Down the stretch, the freshman guard was far from perfect — he had a steal and split two free throws late after an important defensive rebound, along with a turnover and missed shot — but he’d already helped his team respond to the game’s biggest moment with his leadership and production.
“We knew they were a good team, having a 3,000-point scorer and a good point guard who can shoot the ball and a good wing man who can shoot the ball, so when they were making their run back, we just tried to manage it the best we could,” Ramey said.
“When they took the lead, there was no doubt in my mind that we could overcome it. We just had to get more stops and be more aggressive on offense. You could tell that we were more passive and not doing what we normally do.”
Texas finished the game on a 15-6 run after Ramey’s succinct timeout demand, thanks in large part to the boost provided by his big three-pointer on the following possession.
Overall, Ramey scored 13 points by hitting 4-of-8 shots from beyond the arc, a huge contribution to a game against one of the nation’s top three-point shooting teams — the Longhorns knew that hitting from distance would be a key to the game and Ramey responded by raining it in from deep in matching Osetkowski’s team-leading four made threes.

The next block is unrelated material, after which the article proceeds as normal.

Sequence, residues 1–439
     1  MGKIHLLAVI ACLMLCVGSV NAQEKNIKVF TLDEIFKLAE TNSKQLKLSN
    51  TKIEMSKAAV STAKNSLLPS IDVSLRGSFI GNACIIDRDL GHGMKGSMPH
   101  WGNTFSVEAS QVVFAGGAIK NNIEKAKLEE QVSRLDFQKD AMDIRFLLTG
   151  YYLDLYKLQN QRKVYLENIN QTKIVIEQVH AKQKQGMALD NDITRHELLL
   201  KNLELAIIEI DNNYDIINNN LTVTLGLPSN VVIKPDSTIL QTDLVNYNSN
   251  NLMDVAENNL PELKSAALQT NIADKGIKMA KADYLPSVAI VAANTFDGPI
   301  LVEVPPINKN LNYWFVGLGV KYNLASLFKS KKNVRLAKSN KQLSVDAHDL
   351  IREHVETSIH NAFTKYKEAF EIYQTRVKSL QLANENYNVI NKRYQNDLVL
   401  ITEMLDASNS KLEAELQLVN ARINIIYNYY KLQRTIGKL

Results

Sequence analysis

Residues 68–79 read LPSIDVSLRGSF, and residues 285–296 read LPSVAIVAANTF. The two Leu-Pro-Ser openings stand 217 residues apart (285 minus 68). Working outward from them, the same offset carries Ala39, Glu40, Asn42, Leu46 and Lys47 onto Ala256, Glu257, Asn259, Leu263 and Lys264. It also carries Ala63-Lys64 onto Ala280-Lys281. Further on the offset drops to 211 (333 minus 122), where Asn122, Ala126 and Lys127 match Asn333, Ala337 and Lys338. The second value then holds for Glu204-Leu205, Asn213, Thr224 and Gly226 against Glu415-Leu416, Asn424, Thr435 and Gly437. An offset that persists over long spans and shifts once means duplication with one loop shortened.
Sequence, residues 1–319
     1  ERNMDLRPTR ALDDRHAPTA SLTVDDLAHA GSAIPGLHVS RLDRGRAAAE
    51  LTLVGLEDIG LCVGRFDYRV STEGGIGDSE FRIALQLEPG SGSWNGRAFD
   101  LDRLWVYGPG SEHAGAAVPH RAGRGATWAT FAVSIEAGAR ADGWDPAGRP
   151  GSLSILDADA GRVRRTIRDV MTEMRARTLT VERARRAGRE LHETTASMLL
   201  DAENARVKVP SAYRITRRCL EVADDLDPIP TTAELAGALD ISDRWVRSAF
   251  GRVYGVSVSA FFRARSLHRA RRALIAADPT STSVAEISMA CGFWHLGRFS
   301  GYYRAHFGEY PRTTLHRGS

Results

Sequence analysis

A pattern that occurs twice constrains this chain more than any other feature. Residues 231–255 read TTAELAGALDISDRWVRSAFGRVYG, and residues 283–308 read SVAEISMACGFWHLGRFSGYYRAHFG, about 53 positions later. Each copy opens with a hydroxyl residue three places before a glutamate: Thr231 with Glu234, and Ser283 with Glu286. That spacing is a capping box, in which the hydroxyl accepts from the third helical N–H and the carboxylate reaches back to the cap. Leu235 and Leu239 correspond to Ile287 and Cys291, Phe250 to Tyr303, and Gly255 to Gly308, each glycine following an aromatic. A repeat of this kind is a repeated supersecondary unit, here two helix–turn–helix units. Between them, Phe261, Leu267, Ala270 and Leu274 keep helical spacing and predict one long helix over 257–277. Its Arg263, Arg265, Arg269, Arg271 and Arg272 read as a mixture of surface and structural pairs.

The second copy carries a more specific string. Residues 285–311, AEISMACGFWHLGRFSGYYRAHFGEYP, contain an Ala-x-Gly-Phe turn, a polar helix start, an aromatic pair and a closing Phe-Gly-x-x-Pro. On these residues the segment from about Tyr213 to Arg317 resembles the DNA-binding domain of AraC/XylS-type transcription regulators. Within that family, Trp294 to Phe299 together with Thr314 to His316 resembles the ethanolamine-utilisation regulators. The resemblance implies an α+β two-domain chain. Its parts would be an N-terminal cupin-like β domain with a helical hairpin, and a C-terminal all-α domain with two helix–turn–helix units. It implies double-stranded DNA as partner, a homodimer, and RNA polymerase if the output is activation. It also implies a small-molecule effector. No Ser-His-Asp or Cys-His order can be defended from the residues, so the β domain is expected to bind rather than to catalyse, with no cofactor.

“Courtney Ramey was the guy that gave us that spark,” Smart said after the game. “Him and Jaxson Hayes, on our team, have the best competitive spirit. Obviously, Jaxson couldn’t play tonight, so Courtney, when he’s in a good place, nothing is clouding his mind or nothing is bothering him, that competitive spirit is terrific. We’ve seen it before, but we need that more consistently.”
The demands of the head coach, especially in practice, weighed on the relationship between Ramey and Smart between the South Dakota State and Xavier games, testing Ramey’s maturity.